13 The Diamond Eye Book Club Questions For Discussion

Mila Pavlichenko is a history nerd in Kyiv when suddenly, war explodes around her. 

She’s used to books, not bullets, but this girl is forced to trade her textbooks for a rifle. Turns out, she’s an amazing shot, like, really good. 

Before you know it, she’s one of the best snipers around.

They send Mila on a tour of America to get more people on their side, but she’s haunted by what she’s seen and lost. 

It’s lonely too. 

But then – plot twist! – she becomes friends with Eleanor Roosevelt, and even finds a connection with another sniper. 

Mila starts to find her way again.

…But wait! 

It wouldn’t be a thriller without some danger. Someone from Mila’s past who wants her dead shows up, and there’s trouble around every corner. 

Can she stay a step ahead?

Now in case you are wondering what I am saying is fact or fiction, here’s the thing – This story actually happened and a part of it is The Diamond Eye.

So, how about some book club questions on the novel to discuss it even further? 

Let’s check these out. 

The Diamond Eye Book Club Questions

The Diamond Eye Book Club Questions

  • Mila’s journey begins with a desire to overcome past mistakes and prove herself as both mother and patriot. How does her understanding of those roles evolve as a result of her wartime experiences? In what ways does her quest for precision in marksmanship both offer solace amidst chaos and become an obstacle in her search for personal fulfillment?

  • The novel explores how Mila’s image as “Lady Death” is both celebrated and challenged on political and gendered grounds. To what extent does Mila have genuine agency in how her image is used both at home and abroad? How do the experiences within her American tour shape her understanding of the differences in societal expectations for women in the US versus the Soviet Union?

  • Mila’s romantic relationships are deeply affected by war, from her failed marriage to Alexei, to her profound bonds with Kostia and Lyonya. How does the novel challenge the idea of a “conventional” wartime romance? Consider how Mila’s choices, in love and in duty, speak to finding strength and purpose under unimaginable duress.

  • The anonymous American sniper is driven by a warped sense of duty and misogyny. What does Quinn reveal about toxic masculinity through his attempts to discredit Mila’s skill and frame her for political assassination? How does his perspective contrast with Mila’s moral dilemmas about sharpshooting and her understanding of the enemy?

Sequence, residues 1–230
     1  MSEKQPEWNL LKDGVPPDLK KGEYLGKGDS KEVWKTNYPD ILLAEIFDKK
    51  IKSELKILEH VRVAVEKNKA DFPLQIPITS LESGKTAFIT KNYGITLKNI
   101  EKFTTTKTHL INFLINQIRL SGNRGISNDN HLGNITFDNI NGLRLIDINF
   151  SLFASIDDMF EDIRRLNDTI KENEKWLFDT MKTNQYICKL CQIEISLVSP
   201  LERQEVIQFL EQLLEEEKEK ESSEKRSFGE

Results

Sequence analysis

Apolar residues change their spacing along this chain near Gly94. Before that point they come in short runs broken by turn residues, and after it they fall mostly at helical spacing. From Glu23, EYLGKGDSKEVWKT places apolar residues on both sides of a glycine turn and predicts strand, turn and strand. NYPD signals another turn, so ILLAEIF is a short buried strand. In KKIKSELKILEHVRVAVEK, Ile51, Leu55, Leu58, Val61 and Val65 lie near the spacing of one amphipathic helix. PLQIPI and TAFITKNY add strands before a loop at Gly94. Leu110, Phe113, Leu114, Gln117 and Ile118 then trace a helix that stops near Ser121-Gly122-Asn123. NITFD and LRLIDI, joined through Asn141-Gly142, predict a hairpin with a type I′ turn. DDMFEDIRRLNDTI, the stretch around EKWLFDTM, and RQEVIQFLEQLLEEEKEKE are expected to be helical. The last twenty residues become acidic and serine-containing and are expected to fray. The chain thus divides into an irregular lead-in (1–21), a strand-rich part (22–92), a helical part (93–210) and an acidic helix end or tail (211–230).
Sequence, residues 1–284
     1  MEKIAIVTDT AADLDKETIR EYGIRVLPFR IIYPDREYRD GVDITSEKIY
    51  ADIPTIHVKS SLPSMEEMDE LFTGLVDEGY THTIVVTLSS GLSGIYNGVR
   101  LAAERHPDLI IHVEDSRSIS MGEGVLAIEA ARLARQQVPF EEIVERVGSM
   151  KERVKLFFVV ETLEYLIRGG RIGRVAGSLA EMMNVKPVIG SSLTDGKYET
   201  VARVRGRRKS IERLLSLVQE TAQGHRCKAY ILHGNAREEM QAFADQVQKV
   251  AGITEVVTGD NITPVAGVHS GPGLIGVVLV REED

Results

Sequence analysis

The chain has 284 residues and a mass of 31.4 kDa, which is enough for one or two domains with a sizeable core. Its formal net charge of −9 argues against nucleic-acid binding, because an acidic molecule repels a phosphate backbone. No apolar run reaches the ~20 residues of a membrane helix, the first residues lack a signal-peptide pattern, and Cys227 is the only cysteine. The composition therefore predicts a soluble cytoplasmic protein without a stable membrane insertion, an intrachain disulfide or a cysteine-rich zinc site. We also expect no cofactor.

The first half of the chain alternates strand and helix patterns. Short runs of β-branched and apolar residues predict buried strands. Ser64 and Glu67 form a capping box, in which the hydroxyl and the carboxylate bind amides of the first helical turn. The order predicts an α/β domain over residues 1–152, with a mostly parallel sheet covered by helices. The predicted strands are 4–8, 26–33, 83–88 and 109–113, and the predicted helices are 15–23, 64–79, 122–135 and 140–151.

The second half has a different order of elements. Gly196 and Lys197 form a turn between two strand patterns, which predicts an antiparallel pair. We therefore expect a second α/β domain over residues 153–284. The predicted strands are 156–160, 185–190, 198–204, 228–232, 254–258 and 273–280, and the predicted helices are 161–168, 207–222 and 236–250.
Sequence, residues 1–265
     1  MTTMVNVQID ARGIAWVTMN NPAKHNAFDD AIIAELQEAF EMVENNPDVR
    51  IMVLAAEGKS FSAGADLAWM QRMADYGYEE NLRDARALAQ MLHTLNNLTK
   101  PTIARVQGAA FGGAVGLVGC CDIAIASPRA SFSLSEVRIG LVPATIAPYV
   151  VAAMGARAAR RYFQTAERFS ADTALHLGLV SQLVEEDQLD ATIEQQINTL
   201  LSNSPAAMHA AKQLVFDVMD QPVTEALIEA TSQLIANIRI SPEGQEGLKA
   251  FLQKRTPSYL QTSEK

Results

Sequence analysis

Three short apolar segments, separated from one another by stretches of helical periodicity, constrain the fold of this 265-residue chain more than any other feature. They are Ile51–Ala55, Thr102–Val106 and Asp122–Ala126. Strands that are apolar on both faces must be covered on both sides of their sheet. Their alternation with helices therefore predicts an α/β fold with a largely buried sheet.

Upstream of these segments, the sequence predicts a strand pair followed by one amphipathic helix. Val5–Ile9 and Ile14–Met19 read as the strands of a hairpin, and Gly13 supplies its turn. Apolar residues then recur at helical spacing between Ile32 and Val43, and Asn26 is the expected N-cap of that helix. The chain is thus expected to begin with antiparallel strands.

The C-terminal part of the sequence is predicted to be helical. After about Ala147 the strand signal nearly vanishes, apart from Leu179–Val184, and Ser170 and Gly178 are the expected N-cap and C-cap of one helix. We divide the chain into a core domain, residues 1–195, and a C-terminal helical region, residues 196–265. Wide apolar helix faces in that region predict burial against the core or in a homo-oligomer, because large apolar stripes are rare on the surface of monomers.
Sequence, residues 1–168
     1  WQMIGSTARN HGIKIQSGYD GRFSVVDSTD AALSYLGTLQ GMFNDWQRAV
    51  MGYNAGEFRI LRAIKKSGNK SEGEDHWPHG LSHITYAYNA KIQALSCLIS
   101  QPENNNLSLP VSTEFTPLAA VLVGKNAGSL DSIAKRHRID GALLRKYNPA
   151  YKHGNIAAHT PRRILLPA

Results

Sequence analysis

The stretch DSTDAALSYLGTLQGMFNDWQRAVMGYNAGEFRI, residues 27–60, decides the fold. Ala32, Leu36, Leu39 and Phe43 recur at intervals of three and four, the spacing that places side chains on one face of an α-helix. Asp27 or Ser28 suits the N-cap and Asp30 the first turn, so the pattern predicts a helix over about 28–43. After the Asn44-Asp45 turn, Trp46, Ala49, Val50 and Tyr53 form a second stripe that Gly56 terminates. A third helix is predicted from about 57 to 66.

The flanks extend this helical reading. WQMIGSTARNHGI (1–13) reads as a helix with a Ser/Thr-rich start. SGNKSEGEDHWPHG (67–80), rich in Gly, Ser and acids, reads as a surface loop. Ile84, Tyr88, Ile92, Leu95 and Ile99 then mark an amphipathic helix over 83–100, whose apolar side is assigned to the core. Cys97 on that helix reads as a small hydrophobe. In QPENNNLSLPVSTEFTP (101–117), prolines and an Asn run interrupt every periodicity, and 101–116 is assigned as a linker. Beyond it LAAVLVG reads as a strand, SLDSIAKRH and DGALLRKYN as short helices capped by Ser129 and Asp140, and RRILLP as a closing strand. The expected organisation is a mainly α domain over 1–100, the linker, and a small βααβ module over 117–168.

• The novel’s epilogue hints that Mila will curate her own legacy by omitting certain truths from her memoir. Discuss the tension between crafting a public-facing persona for propaganda purposes and Mila’s right to privacy in deciding which traumas to share. Given the historical context, what additional pressures might she face as a woman choosing which parts of her story deserve to be known?

  • Mila’s friendship with Eleanor Roosevelt is a surprising yet important part throughout the book. How does this relationship change or challenge Mila’s worldview? In what ways, despite their different backgrounds, do the two women find common ground and offer one another support in the face of their respective challenges?

  • The novel includes perspectives from both Mila and her would-be assassin. How does Quinn utilize these contrasting viewpoints to explore broader ideas about the psychology of a sniper? Consider the factors that shape how they view themselves, their targets,  and their notions of duty.

  • Alexei represents both Mila’s early mistakes and the ongoing threat of male control. How does the novel trace the evolution of Mila’s power dynamic with him, especially as her fame grows?  In what ways does her success both liberate and complicate her ability to fully escape his influence?

  • Despite her success, Mila experiences profound loss, both personal and in witnessing the devastation of war. How does the novel portray the psychological toll her achievements take? What sacrifices for the greater good does Mila confront, and where does she draw the line on what she will endure?

  • “The Diamond Eye” blends historical figures with fictionalized plotlines. Discuss how Quinn navigates this balance. Can a work of fiction enhance our understanding of real events and people? To what extent is it important to distinguish between the two, especially when the source material is someone’s memoir?

  • Mila’s bonds with Lena, Kostia, Lyonya, Eleanor, and others provide her strength and stability amidst the war’s brutality.  How do wartime conditions shape these relationships? In what ways are the emotional bonds Mila forms acts of resistance and survival in themselves, defying the dehumanizing nature of combat?

  • Mila’s initial drive for perfection and self-control stems from her desire to counter earlier experiences of helplessness. How does her understanding of vulnerability evolve throughout the novel? Can you identify moments when accepting her grief or need for support becomes a form of strength?

  • The novel suggests that a “clean and simple” narrative often obscures the true cost of heroism for everyone involved, especially women. How does “The Diamond Eye” challenge traditional tales of wartime heroism? In what ways does the novel’s inclusion of difficult themes, like the assault on Maria Kabachenko or Mila’s own personal struggles, force a more nuanced understanding of the sacrifices made in war – by both soldiers and civilians?

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